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INTEGRATED SERVICE
MARKETING
COMMUNICATION
SERVICE MARKETING COMMUNICATION
• Service marketing communication is all about promoting yourself and the service of your
company.
• It has direct impact on the communication gap, in Gap model of Service marketing
• Integrated Services Communications
• a strategy that carefully integrates all external and internal communication channels to
present a consistent message to customers
• This means coordination across:
• sales and service people
• print
• Internet
• other forms of tangible communication including the servicescape
CUSTOMER
COMPANY
External
Communications
to CustomersGAP 4
Service Delivery
Provider GAP 4
Key Factors Leading to Provider Gap 4
Best Practices for Closing the Communication Gap (Gap 4)
• Employing integrated services marketing communication strategies
around everything and everyone that sends a message or signal.
• Manage customer expectations effectively throughout the
experience.
• Develop mechanisms for internal communication to avoid over-
promising and ensure successful delivery.
• Position and differentiate the service
• Helps Customers to evaluate Service Offerings
• Promote the Contribution of the Service Personnel
• Add Value through Communication Content
• Facilitate Customer Involvement in Production
• Stimulate or Dampen Demand to match Capacity
Role of Marketing communications
How is this done in services?
• Create memorable images of specific companies and their brands
• Build awareness/interest for unfamiliar service/brand
• Compare service favorably with competitors’ offerings
• Build preference by communicating brand strengths and benefits
• Reposition service relative to competition
• Reduce uncertainty/perceived risk by providing useful info and advice
Common Educational and Promotional
Objectives in Service Settings
• Provide reassurance (e.g., promote service guarantees)
• Encourage trial by offering promotional incentives
• Familiarize customers with service processes before use
• Teach customers how to use a service to best advantage
• Stimulate demand in off-peak, discourage during peak
• Recognize and reward valued customers and employees
Common Educational and Promotional
Objectives in Service Settings
• Build awareness, inform, persuade, and remind
• Challenge: How stand out from the crowd?
• Effectiveness remains controversial
• Research suggests that less than half of all ads generate a positive
return on their investment
Messages through Marketing Channels:
Advertising
 PR/Publicity involves efforts to stimulate positive interest in an organization and its
products through third parties
 e.g., press conferences, news releases, sponsorships
 Corporate PR specialists teach senior managers how to present themselves well at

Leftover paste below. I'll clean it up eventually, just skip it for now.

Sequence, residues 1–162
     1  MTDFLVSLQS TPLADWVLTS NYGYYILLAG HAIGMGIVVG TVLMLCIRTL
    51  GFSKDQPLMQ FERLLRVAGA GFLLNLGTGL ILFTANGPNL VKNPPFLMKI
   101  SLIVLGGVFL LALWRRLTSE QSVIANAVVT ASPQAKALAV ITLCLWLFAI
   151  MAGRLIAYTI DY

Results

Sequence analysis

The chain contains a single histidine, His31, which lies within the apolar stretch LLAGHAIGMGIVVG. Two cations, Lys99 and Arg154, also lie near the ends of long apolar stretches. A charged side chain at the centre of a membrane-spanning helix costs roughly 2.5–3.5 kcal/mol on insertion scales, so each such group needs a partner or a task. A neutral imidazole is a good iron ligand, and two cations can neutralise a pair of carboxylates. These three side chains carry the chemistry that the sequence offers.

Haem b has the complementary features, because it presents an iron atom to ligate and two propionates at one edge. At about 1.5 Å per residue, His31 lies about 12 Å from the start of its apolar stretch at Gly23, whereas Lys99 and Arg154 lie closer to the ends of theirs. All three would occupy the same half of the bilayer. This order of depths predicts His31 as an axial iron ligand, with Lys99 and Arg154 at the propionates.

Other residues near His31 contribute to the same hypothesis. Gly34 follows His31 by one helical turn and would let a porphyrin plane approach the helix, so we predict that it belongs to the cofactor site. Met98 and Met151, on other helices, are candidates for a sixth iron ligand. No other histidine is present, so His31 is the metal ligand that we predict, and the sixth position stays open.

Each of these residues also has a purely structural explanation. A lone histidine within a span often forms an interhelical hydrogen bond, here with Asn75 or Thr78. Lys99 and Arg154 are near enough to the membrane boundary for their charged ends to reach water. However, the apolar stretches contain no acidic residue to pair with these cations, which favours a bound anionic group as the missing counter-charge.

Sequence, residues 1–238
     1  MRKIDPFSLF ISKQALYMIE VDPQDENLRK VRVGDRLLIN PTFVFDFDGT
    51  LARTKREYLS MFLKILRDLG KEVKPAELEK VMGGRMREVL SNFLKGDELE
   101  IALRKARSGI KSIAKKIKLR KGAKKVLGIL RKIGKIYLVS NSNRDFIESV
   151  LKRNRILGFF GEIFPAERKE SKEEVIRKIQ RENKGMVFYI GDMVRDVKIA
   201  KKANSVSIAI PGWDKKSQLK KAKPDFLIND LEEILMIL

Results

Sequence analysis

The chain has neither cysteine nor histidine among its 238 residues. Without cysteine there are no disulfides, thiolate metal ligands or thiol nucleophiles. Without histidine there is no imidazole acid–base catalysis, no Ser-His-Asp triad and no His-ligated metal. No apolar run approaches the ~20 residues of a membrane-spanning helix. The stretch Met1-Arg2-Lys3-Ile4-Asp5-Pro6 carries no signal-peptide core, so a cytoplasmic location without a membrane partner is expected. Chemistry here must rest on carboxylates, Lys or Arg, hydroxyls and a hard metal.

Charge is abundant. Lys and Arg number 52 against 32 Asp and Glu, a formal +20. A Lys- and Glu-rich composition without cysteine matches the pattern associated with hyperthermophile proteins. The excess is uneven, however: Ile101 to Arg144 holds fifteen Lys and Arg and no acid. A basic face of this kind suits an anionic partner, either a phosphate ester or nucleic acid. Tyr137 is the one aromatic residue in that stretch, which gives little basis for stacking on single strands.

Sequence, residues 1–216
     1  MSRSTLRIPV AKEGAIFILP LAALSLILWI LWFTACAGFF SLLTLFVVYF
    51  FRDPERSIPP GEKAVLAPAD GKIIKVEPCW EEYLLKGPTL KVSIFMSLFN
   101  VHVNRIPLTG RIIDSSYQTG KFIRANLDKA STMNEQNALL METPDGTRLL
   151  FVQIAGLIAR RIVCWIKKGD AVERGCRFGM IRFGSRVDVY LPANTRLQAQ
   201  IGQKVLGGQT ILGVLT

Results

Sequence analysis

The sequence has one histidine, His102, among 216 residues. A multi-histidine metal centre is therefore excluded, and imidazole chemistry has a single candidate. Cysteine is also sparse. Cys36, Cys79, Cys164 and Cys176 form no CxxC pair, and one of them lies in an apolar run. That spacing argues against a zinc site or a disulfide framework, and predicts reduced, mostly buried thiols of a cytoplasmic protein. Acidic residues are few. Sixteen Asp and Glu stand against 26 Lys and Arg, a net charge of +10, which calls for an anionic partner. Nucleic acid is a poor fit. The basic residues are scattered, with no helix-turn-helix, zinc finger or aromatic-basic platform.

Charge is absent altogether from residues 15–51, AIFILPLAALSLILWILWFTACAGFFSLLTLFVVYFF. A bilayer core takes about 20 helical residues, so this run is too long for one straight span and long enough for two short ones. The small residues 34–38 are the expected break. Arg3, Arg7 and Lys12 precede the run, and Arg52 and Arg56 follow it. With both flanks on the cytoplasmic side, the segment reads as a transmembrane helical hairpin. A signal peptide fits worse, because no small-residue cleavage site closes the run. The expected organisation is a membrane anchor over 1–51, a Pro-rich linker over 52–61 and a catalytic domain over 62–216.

public events, especially when faced with hostile questioning
 Unusual activities can present an opportunity to promote company’s expertise
Messages through Marketing Channels: Public
Relations
• Mailings, recorded telephone messages, faxes, email
• Potential to send personalized messages to highly targeted
micro segments
• Need detailed database of information about customers and
prospects
Messages through Marketing Channels: Direct
Marketing
• Advance in on-demand technologies empower consumers to decide how
and when they prefer to be reached, and by whom
• e.g. email spam filters, pop-up blockers, podcasting
• Permission Marketing goal is to persuade customers to volunteer their
attention
• Enables firms to build strong relationships with customers
• e.g., People invited to register at a firm’s website and specify what type of
information they like to receive via email
Messages through Marketing Channels: Direct
Marketing
 Defined as “Communication that comes with an incentive”
 Should be specific to a time period, price, or customer group
 Motivates customers to use a specific service sooner, in greater volume with
each purchase, or more frequently
Messages through Marketing Channels: Sales
Promotion
• Interpersonal encounters educate customers and promote preferences for particular brand
or product
• Common in B2B and infrequently purchased services
• Many B2B firms have dedicated sales force to do personal selling
• Customer assigned to a designated account manager
• For services that are bought less often, firm’s representative acts as consultant to help
buyers make selection
• Face-to-face selling of new products is expensive— telemarketing is lower cost alternative
Messages through Marketing Channels:
Personal Selling
• The web is used for a variety of communication tasks
• Creating consumer awareness and interest
• Providing information and consultation
• Allowing two-way communication with customers through email and chat rooms
• Encouraging product trial
• Allowing customers to place orders
• Measuring effectiveness of advertising or promotional campaigns
• Innovative companies look for ways to improve the appeal and usefulness
of their sites
Messages through Internet:
Company’s Website
• Banner advertising
• Placing advertising banners and buttons on portals such as Yahoo, Netscape
and other firms’ websites
• Draw online traffic to the advertiser’s own site